Patrick Banner ’18
Physics major, mathematics minor
Mentor: Physics Professor Steven Olmschenk
Research: Trapping and laser-cooling atomic ions for quantum computation and communication
Which is what, exactly? Banner’s work is connected to quantum information, which offers the possibility of lightning-fast computing power and greater security than current options. Such work could be particularly important in telecommunications.
The daily grind: Banner performs spectroscopy on ions to measure their energy structure, collects data, and analyzes it. He also develops electronics to modify laser light to suit experiments’ needs. If work is humming along, he’ll keep at it past quitting time. “Sometimes I’ll work deep into the night on the days when lasers are working well.”
Next up: Studying atomic physics at the University of Maryland
The Award Of Research and Relationships
Patrick Banner has won an NSF grant to study quantum optics. But don’t mistake this talented researcher for a scientist who doesn’t understand people.
When Patrick Banner looks at the world, he’s searching for the things that are beyond sight, looking for the underlying concepts that support what we take for granted every day. That curiosity is what propels him to study and experiment in physics. “Thinking about problems requires knowing how all the pieces fit together. Sometimes you have to go beyond the picture of what you’re seeing—and that picture can be so big, you can’t see it all at once.”
That drive to understand the deep roots of an issue pushes Banner’s research, and it’s clear that he has the chops to do it well. His work has been recognized by the National Science Foundation, which awarded him a graduate research fellowship that will fund his doctoral research in quantum optics. (Another Denison student, Madeline Van Winkle ’18, was awarded an NSF fellowship for chemistry.)
Banner also completed two summer projects and senior research with Associate Pofessor Steve Olmschenk, experimenting on trapping and laser-cooling ions for quantum information applications. And he was selected as one of only four inaugural winners of the Provost’s Academic Excellence Award.
Banner’s dream is to continue that research, but he also wants to teach college-level physics. He’s been inspired by great teachers, Professor Wes Walter among them. For example, Walter’s class in electronics includes both classroom and lab time. Students learn in their classes, then practice those theories in the lab. “You can do pretty much anything you want—as long as you don’t blow the place up,” says Banner. “We used binary logic gates, built circuits for analog electronics, learned about capacitors and inductors, and more. I even designed a small game at one point, and investigated chaos for the final project.”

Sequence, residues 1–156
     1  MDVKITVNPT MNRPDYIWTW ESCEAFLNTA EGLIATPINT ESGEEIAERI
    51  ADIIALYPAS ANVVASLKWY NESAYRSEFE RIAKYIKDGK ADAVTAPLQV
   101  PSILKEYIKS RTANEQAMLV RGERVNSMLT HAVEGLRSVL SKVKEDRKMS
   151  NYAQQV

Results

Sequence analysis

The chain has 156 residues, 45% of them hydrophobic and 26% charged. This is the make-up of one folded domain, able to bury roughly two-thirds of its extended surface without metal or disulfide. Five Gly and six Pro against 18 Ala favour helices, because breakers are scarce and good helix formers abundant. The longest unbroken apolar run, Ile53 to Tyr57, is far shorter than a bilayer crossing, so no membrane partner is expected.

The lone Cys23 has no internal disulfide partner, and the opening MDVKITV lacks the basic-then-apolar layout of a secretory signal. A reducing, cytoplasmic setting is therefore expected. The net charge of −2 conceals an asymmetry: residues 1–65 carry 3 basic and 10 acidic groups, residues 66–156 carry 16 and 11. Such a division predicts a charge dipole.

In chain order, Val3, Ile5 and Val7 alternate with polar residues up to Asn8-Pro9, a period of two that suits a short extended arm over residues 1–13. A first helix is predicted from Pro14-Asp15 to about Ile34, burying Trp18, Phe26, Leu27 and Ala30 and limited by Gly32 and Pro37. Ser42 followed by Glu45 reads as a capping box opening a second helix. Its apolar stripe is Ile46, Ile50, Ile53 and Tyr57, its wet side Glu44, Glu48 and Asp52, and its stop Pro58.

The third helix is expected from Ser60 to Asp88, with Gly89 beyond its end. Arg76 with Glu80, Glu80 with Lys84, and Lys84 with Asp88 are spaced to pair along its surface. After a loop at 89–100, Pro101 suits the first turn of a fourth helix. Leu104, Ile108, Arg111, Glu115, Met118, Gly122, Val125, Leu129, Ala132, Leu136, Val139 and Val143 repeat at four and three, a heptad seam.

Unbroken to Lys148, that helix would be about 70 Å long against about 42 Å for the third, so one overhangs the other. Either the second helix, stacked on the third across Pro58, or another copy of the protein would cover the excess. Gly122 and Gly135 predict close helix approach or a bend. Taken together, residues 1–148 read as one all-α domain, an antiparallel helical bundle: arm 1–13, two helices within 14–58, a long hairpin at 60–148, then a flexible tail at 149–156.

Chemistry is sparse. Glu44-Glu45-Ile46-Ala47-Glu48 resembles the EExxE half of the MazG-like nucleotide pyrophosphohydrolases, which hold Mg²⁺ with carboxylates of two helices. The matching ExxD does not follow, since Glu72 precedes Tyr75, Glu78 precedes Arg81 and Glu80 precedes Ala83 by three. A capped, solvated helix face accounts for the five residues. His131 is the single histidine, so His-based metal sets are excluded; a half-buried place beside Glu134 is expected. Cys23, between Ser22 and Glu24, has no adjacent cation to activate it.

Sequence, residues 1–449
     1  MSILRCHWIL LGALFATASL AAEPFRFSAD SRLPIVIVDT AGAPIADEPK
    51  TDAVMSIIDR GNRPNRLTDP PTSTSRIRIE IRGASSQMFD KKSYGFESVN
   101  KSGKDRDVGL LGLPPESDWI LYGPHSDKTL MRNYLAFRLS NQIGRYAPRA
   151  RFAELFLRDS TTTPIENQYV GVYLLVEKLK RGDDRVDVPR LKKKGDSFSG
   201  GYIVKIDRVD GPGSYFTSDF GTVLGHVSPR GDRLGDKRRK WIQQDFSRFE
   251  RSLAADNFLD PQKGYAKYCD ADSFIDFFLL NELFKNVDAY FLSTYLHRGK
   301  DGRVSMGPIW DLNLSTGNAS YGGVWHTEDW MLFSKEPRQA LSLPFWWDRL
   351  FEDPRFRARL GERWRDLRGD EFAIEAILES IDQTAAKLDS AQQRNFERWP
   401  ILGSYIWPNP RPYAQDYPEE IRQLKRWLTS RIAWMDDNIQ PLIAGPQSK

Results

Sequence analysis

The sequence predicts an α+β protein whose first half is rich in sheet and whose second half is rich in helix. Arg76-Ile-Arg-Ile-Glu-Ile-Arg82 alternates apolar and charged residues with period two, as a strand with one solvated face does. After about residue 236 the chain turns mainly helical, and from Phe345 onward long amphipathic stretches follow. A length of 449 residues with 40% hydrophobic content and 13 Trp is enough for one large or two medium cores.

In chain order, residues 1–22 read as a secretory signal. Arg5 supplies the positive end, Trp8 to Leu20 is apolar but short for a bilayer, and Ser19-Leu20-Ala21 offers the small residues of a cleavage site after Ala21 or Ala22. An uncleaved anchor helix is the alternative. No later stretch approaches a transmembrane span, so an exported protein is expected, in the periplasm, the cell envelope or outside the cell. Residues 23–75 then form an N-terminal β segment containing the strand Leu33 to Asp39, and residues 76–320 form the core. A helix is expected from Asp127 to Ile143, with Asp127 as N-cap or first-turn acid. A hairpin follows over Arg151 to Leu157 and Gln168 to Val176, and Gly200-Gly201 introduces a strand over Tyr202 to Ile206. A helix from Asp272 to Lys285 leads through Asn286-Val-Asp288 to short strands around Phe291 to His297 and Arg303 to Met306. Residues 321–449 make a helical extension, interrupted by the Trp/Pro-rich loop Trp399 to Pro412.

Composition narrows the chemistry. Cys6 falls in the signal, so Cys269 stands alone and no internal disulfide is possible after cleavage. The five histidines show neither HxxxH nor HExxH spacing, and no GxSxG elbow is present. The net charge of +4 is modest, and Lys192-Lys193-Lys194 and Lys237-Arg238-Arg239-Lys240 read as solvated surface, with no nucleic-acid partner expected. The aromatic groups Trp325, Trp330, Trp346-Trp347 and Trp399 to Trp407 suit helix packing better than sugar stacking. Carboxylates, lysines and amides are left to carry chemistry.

That class pointed him toward his future field. “I realized that I wanted to be an experimentalist, someone who conducts actual experiments; as opposed to a theorist, who conducts simulations on computers.”
Banner also tested future dreams of teaching while he served as a lab assistant in astronomy and physics classes. “I’m excited to help people understand something I really like. I enjoy coming up with new ways to help people understand these concepts. Often this, together with seeing where students are with the material and helping them from there, is what leads to those light bulb ‘aha!’ moments.”
He’s experienced the same kind of mentoring and growth as a student himself. “The physics department has been just amazing, with brilliant teachers, who are kind and available. I feel kind of spoiled in terms of having such excellent professors.”
—Ginny Sharkey ’83